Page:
The TSX Index may be inching closer towards recovering from the vicious February-March sell-off, but many Canadian blue-chip stocks are retreating towards their March lows. It’s these such stocks that could hold the most value for patient deep-value investors who are willing to go against the grain, risking short-term pain for what could be outsized long-term gain coming out of this pandemic.
Without further ado, consider Suncor Energy (TSX:SU)(NYSE:SU) and Rogers Communications (TSX:RCI.B)(NYSE:RCI), two former market darling blue-chip stocks that are flirting with 52-week lows but are still worth buying if your portfolio is lacking in value stocks.
Suncor Energy: 52-week lows ahead?
Suncor is an oil sands play that can’t seem to catch a break. The stock is at high risk of pulling below hitting its March bottoms at this rate. Despite the backing of Warren Buffett, fossil fuel plays are heavily out of favour on Bay and Wall Street. With wildfire breaking out on the west coast, it’s clear that the world is in need of a transition towards sustainable sources of energy before smokey late summers become the new norm.
While Suncor may have relatively resilient operating cash flows thanks to its robust integrated businesses, being the best firm in the fossil fuel industry is still akin to being the best player on a hockey team that just plain stinks. With reduced full-year production guidance, there are few things to get excited about with the company, especially after its dividend reduction.
With a Fort Knox-like balance sheet, though, Suncor is one of those oil plays that will live to see better days. For now, investors can collect the firm’s 4.7%-yielding dividend while shares trade at a nearly 20% discount to book value.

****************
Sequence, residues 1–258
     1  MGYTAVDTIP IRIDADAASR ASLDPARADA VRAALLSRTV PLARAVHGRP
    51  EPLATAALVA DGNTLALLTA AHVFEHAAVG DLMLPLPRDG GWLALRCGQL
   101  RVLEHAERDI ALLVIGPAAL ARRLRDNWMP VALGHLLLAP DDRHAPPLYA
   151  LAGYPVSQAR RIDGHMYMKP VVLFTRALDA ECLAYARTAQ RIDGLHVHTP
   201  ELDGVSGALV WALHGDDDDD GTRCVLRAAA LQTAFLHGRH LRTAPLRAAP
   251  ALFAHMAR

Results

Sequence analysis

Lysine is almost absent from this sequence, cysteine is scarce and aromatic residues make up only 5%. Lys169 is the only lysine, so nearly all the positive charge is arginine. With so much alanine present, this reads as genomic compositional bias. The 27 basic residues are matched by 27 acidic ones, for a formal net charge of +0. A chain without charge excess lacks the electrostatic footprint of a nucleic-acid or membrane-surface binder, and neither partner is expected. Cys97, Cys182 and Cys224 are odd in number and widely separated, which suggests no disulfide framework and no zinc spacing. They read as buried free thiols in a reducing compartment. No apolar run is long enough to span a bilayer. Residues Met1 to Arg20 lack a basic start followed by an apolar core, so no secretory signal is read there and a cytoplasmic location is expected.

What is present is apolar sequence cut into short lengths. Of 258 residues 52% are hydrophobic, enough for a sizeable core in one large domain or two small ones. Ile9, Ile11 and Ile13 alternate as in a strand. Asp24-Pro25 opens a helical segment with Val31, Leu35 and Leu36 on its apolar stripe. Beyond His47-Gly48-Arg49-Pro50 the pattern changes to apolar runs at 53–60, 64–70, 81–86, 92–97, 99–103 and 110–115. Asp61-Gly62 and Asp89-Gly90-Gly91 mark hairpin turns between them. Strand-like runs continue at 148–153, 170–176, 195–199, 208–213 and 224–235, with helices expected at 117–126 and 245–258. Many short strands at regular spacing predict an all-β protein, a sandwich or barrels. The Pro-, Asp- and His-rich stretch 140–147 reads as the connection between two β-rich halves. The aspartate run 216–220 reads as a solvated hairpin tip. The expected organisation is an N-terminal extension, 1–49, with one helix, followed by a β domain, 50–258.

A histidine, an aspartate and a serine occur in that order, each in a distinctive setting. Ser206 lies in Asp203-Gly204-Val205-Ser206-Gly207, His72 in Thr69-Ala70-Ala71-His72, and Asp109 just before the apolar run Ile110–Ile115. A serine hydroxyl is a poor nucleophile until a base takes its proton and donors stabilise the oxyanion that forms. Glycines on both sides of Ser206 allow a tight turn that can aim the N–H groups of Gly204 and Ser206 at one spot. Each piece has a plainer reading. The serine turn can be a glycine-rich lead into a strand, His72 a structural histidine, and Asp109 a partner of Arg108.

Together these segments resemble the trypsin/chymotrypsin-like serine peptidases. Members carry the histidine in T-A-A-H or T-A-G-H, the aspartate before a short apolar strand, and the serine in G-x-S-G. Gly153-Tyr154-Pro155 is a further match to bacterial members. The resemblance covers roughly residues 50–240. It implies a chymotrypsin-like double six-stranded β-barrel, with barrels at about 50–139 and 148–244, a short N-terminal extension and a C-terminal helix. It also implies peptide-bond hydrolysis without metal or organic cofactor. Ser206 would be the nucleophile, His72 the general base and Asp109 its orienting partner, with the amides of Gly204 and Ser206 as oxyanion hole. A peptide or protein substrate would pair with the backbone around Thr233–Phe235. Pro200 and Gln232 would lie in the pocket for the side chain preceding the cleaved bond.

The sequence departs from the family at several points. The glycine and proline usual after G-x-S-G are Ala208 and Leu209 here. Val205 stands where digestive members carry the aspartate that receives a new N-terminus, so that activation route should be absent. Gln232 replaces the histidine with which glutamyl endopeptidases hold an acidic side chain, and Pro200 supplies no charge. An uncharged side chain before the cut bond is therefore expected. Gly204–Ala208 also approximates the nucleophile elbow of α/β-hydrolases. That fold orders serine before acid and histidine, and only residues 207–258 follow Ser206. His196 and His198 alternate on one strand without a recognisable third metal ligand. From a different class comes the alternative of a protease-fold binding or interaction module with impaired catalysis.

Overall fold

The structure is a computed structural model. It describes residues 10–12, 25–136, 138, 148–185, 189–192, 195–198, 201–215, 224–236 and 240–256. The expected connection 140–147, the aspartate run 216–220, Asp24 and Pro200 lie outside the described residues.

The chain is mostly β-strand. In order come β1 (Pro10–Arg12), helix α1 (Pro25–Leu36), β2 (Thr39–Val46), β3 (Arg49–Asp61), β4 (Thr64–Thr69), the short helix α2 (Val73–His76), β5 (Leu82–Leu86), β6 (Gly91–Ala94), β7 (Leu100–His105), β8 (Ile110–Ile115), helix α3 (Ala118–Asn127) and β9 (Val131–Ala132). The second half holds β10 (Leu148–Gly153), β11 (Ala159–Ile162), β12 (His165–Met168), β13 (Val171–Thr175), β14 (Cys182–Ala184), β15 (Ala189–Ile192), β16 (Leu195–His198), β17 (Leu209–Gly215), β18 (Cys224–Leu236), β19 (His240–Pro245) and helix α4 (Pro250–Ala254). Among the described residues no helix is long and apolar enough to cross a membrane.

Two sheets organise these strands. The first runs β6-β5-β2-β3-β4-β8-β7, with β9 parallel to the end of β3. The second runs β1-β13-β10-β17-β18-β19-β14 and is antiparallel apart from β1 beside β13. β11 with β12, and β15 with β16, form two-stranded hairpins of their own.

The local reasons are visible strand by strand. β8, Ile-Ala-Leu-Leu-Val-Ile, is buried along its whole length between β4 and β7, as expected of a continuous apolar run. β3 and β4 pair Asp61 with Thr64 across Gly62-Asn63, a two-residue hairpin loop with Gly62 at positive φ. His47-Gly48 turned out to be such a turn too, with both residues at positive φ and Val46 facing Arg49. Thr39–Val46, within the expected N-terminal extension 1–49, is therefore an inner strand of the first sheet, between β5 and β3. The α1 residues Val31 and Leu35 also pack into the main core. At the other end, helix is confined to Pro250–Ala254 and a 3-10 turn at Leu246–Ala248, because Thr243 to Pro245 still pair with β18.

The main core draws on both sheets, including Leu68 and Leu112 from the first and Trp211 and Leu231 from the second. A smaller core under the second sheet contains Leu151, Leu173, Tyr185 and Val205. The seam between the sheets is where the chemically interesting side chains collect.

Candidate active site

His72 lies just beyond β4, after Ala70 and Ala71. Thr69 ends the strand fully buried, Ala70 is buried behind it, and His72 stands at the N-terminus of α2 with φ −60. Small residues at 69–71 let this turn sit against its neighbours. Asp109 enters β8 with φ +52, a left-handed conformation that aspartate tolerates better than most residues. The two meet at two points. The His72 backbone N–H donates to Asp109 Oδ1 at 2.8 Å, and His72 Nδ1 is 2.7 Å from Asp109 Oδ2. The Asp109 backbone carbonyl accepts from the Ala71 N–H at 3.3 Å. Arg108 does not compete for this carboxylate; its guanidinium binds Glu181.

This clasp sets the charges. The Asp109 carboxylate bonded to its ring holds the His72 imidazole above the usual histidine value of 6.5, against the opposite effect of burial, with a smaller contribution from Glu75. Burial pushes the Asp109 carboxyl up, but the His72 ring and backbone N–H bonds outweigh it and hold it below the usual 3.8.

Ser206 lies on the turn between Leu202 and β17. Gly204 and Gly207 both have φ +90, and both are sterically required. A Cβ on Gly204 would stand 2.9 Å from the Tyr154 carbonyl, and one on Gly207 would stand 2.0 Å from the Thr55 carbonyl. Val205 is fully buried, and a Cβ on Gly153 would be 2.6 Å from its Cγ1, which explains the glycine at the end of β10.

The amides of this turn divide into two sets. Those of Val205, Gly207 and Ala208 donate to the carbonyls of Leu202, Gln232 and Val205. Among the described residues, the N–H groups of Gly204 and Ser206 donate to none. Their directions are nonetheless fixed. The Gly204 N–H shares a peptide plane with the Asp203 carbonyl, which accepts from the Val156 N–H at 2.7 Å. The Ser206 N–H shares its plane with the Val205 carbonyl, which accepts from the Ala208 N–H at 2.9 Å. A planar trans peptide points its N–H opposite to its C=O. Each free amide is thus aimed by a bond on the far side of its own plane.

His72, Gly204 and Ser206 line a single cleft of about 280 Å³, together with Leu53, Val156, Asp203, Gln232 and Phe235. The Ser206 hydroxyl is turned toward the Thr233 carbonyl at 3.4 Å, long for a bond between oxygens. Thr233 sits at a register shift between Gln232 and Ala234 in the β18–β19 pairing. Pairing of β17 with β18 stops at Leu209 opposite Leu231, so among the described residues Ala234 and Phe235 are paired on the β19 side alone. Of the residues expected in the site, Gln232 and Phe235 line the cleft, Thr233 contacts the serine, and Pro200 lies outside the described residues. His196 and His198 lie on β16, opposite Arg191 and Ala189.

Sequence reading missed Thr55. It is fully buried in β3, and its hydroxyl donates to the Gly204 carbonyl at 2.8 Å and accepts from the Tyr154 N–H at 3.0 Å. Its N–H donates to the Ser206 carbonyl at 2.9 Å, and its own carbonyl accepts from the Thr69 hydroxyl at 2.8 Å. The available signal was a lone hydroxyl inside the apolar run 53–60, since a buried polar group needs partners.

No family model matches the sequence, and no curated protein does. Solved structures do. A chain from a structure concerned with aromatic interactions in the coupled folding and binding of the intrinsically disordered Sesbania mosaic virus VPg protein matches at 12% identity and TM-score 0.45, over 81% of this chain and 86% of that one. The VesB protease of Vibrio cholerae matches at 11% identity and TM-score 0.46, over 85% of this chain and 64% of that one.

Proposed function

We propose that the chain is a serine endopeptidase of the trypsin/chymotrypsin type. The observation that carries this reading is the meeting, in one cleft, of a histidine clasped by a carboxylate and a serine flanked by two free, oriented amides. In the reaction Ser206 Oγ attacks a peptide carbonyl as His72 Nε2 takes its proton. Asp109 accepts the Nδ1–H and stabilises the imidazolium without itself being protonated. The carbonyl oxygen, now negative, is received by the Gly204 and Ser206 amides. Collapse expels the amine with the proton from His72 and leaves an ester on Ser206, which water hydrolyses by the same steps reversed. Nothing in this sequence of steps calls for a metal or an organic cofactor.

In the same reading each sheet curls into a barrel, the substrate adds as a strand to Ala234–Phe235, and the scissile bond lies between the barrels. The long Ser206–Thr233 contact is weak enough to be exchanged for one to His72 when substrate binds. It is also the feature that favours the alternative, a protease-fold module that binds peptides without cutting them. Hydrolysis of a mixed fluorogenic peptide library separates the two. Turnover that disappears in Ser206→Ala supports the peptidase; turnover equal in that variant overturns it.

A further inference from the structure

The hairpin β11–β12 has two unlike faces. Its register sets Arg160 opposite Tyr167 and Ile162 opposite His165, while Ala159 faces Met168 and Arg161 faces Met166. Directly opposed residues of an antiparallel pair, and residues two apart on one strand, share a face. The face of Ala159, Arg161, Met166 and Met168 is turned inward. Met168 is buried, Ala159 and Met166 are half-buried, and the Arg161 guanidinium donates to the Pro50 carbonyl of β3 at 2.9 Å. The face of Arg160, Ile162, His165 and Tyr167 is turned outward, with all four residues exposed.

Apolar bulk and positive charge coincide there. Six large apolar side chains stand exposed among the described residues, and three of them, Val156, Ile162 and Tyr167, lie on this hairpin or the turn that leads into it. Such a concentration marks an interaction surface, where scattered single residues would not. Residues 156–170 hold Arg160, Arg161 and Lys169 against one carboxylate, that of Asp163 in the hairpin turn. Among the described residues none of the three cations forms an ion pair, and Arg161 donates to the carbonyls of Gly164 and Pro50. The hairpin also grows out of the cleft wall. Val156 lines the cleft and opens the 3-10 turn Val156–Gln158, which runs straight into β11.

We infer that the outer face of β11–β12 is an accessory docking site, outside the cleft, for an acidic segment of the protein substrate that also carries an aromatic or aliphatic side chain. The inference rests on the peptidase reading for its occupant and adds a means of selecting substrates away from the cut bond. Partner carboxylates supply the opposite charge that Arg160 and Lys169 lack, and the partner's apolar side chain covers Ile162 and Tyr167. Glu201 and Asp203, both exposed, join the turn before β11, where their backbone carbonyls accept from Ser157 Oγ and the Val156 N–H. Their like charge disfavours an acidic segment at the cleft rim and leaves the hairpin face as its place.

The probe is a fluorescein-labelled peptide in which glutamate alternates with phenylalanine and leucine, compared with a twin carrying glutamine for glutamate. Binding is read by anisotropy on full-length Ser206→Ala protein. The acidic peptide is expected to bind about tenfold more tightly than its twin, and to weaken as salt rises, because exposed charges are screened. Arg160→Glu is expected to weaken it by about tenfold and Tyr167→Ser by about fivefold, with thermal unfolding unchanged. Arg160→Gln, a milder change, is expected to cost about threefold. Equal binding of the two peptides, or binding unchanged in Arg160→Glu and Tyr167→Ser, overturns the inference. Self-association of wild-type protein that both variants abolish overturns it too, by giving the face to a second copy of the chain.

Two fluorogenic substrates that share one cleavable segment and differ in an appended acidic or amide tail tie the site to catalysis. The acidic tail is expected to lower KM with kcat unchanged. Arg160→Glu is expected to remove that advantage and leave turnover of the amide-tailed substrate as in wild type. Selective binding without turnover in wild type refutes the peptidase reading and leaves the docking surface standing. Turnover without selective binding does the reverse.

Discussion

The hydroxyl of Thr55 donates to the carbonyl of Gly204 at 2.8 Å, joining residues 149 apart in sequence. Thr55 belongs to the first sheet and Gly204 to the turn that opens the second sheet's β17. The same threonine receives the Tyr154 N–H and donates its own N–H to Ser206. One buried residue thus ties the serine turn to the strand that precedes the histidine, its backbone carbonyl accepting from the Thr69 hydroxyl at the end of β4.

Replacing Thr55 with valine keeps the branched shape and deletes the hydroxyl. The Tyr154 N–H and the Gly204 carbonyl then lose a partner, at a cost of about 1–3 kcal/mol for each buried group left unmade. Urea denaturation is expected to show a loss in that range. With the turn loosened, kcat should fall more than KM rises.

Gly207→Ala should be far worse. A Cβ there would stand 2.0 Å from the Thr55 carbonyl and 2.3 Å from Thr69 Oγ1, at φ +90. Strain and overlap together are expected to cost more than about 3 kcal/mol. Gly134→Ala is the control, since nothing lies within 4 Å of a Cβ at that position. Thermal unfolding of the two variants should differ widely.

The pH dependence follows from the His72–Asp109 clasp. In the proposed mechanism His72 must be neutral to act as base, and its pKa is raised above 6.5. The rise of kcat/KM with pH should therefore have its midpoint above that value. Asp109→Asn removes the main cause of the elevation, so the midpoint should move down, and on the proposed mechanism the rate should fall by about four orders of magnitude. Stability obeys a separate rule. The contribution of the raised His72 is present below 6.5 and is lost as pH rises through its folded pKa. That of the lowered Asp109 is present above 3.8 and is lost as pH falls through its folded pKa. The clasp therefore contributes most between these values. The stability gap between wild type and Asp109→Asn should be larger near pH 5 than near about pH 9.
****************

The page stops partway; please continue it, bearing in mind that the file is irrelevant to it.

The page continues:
Rogers Communications: Already nearing those March lows
Speaking of companies that can’t seem to catch a break, Rogers Communications has been one of the harder-hit telecom stocks, with shares now down nearly 28% from 2019 all-time highs. The COVID-19 crisis weighed heavily on Rogers compared to its peers in the Canadian telecom scene. The wireless segment was dragged lower, while the media segment crumbled like a paper bag. Revenues plummeted, and EBITDA margins were contracting as a result of the crisis.
To make matters worse, Canadian telecom competitor Shaw Communications is a severe threat to Rogers’s wireless subscriber growth with the launch of Shaw Mobile, which offers a tremendous value proposition to Canadians who are likely going to find themselves tightening their belts, as the coronavirus recession is likely to remain well after COVID-19 is eliminated.
Rogers trades at 2.7 times book value and 16.2 times trailing earnings, both of which are in line with industry averages. With a 3.8% dividend yield, Rogers isn’t the most bountiful income play either. But if you believe that Rogers can weather the coming bout of fierce competition and its media division can recover in conjunction with the Canadian economy, Rogers is worth a look.
Personally, I’m sticking on the sidelines with Rogers, because I think Shaw could force Rogers to take a further margin hit or risk losing a considerable number of subscribers.
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Fool contributor Joey Frenette owns shares of SHAW COMMUNICATIONS INC., CL.B, NV. The Motley Fool recommends ROGERS COMMUNICATIONS INC. CL B NV.